+ * has a reference count in it, and a pointer to the beginning and end of
  + * the data the bucket is referencing.
  + */
   struct ap_bucket_mmap {
       void      *alloc_addr;   /* Where does the mmap start? */
       int       len;           /* The amount of data in the mmap that we are 
  @@ -193,13 +273,17 @@
   
   /*   ******  Bucket Brigade Functions  *****  */
   
  -/* Create a new bucket brigade */
  +/* Create a new bucket brigade.  The bucket brigade is originally empty. */
   APR_EXPORT(ap_bucket_brigade *) ap_brigade_create(ap_pool_t *p);
   
  -/* destroy an enitre bucket brigade */
  +/* destroy an enitre bucket brigade.  This includes destroying all of the
  + * buckets within the bucket brigade's bucket list. */
   APR_EXPORT(ap_status_t) ap_brigade_destroy(void *b);
   
  -/* append bucket(s) to a bucket_brigade */
  +/* append bucket(s) to a bucket_brigade.  This is the correct way to add
  + * buckets to the end of a bucket briagdes bucket list.  This will accept
  + * a list of buckets of any length.
  + */
   APR_EXPORT(void) ap_brigade_append_buckets(ap_bucket_brigade *b,
                                                     ap_bucket *e);
   
  @@ -208,45 +292,96 @@
   APR_EXPORT(void) ap_brigade_consume(ap_bucket_brigade *, int nbytes);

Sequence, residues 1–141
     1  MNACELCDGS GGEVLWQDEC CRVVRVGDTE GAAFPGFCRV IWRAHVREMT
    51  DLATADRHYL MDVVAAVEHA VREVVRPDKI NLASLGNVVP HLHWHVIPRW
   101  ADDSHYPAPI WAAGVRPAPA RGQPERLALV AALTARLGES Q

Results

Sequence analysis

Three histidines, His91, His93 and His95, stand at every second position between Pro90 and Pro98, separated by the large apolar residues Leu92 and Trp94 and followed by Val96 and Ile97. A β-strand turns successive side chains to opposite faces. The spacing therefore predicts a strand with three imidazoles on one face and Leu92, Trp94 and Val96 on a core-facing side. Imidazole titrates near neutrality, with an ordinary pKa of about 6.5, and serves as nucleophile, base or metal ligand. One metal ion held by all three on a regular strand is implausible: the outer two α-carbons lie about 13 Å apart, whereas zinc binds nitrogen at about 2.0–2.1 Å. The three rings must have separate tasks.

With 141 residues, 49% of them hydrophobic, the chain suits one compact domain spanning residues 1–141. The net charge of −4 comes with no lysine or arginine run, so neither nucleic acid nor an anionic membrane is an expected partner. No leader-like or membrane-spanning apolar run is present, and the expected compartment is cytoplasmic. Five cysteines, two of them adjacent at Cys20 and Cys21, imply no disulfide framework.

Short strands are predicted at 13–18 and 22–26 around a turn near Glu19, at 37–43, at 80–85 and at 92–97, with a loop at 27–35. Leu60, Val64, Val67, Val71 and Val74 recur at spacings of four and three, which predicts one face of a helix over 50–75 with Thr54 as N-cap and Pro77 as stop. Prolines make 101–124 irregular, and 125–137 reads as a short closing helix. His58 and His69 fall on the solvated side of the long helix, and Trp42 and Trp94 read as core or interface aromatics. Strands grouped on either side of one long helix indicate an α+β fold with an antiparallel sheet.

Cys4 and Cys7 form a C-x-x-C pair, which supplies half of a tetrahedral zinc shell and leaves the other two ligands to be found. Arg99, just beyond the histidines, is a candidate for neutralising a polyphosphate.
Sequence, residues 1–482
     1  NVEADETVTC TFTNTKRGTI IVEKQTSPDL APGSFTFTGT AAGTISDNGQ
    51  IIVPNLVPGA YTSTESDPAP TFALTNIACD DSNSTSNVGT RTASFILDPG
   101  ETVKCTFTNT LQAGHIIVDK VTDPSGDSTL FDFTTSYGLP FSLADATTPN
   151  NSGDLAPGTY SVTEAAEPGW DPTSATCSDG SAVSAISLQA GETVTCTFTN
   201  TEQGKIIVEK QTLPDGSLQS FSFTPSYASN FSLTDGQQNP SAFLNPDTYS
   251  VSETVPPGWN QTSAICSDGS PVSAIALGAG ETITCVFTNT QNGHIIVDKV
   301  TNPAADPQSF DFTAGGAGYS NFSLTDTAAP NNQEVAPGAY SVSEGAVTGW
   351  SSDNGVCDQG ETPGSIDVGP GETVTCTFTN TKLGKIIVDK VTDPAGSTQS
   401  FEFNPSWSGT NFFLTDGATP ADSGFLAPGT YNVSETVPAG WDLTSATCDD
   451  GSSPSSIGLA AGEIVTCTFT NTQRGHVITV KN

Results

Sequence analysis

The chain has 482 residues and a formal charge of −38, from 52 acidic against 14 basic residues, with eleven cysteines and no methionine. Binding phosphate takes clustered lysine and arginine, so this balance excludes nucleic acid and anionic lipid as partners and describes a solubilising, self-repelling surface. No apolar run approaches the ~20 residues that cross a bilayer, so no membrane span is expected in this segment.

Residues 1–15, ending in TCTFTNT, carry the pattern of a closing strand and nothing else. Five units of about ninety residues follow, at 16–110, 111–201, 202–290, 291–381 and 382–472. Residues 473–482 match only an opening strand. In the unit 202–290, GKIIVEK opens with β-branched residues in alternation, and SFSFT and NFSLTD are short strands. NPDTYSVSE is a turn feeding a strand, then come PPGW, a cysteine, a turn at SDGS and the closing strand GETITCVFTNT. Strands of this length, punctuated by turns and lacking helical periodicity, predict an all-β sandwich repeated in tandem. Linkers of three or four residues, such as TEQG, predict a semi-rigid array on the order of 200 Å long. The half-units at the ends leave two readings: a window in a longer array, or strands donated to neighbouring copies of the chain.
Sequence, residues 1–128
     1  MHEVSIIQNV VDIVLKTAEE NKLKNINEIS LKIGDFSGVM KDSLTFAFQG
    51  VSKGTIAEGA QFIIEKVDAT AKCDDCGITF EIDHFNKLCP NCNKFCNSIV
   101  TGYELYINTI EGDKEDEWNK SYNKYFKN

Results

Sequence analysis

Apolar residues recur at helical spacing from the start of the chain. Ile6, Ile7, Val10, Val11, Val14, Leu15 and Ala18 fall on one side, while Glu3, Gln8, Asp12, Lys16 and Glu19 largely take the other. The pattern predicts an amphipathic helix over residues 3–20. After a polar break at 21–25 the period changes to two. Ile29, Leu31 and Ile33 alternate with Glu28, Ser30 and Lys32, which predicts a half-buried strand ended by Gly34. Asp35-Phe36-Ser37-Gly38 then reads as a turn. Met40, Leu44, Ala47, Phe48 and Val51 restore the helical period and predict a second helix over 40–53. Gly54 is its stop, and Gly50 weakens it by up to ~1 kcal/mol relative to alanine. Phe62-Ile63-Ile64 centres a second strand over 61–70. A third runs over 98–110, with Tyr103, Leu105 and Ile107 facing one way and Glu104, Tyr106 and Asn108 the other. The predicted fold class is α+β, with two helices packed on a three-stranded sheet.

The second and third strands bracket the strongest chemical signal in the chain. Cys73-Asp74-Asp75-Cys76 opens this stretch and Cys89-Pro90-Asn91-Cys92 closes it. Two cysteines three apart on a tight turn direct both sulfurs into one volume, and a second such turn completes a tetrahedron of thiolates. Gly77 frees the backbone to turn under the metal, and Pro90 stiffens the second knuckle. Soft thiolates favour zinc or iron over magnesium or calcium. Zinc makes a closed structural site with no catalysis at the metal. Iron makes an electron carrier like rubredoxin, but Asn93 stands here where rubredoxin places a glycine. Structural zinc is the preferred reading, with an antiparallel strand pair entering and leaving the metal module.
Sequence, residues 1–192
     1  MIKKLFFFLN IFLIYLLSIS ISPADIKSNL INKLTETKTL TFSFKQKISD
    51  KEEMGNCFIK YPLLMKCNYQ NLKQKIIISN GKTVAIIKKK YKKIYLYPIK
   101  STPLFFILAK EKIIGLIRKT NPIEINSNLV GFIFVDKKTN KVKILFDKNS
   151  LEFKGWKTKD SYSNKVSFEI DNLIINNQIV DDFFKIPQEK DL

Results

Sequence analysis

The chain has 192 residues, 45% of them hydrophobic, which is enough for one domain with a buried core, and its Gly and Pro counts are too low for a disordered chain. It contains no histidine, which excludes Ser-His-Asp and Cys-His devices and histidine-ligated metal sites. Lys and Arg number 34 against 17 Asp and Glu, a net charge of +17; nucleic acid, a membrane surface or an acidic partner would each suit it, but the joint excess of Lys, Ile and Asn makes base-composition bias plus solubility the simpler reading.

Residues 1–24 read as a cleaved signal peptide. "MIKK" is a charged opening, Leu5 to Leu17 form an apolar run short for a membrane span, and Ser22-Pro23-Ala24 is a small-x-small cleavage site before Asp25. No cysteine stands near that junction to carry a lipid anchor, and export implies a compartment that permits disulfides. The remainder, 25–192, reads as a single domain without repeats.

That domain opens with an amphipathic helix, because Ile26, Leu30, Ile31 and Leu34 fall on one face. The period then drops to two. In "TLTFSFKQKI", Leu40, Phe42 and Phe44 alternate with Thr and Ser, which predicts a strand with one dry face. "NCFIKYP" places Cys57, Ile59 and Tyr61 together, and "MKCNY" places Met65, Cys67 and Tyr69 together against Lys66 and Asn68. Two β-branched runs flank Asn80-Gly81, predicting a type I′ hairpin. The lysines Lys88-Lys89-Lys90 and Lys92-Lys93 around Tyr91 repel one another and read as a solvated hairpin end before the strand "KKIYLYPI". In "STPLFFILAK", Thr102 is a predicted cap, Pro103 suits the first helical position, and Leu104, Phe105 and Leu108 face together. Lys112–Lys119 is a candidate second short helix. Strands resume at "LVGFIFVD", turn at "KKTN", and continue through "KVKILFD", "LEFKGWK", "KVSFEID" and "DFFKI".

/* create an iovec of the elements in a bucket_brigade... return number 
  -    of elements used */
  + * of elements used.  This is useful for writing to a file or to the
  + * network efficiently.
  + */
   APR_EXPORT(int) ap_brigade_to_iovec(ap_bucket_brigade *, 
                                              struct iovec *vec, int nvec);
   
   /* catenate bucket_brigade b onto bucket_brigade a, bucket_brigade b is 
  -    empty after this */
  + * empty after this.  Neither bucket brigade can be NULL, but either one of
  + * them can be emtpy when calling this function.
  + */
   APR_EXPORT(void) ap_brigade_catenate(ap_bucket_brigade *a, 
                                               ap_bucket_brigade *b);
   
  -/* Destroy the first nvec buckets. */
  +/* Destroy the first nvec buckets.  This is very much like ap_brigade_consume
  + * except instead of specifying the number of bytes to consume, it consumes
  + * a specified number of buckets.  The original purpose for this function
  + * was in ap_brigade_to_iovec.  After converting the first 16 buckets to
  + * vectors, we would destroy those 16 buckets.  My gut is that this is the
  + * wrong approach.  I plan to change this soon-ish.
  + */
   APR_EXPORT(void) ap_consume_buckets(ap_bucket_brigade *b, int nvec);
   
   /* save the buf out to the specified iol.  This can be used to flush the
  -    data to the disk, or to send it out to the network. */
  + * data to the disk, or to send it out to the network.  This is a poor 
  + * function.  It never should have been implemented.  Unfortunately, it is
  + * also required.  Once filters have been finished, the whole concept of
  + * iol's can just go away, and this function can go away with it.  The
  + * correct solution, is to have the functions that are currently calling 
  + * this just call either ap_sendv or ap_writev directly.
  + */
   APR_EXPORT(ap_status_t) ap_brigade_to_iol(ap_ssize_t *total_bytes,
                                                    ap_bucket_brigade *a, 
                                                    ap_iol *iol);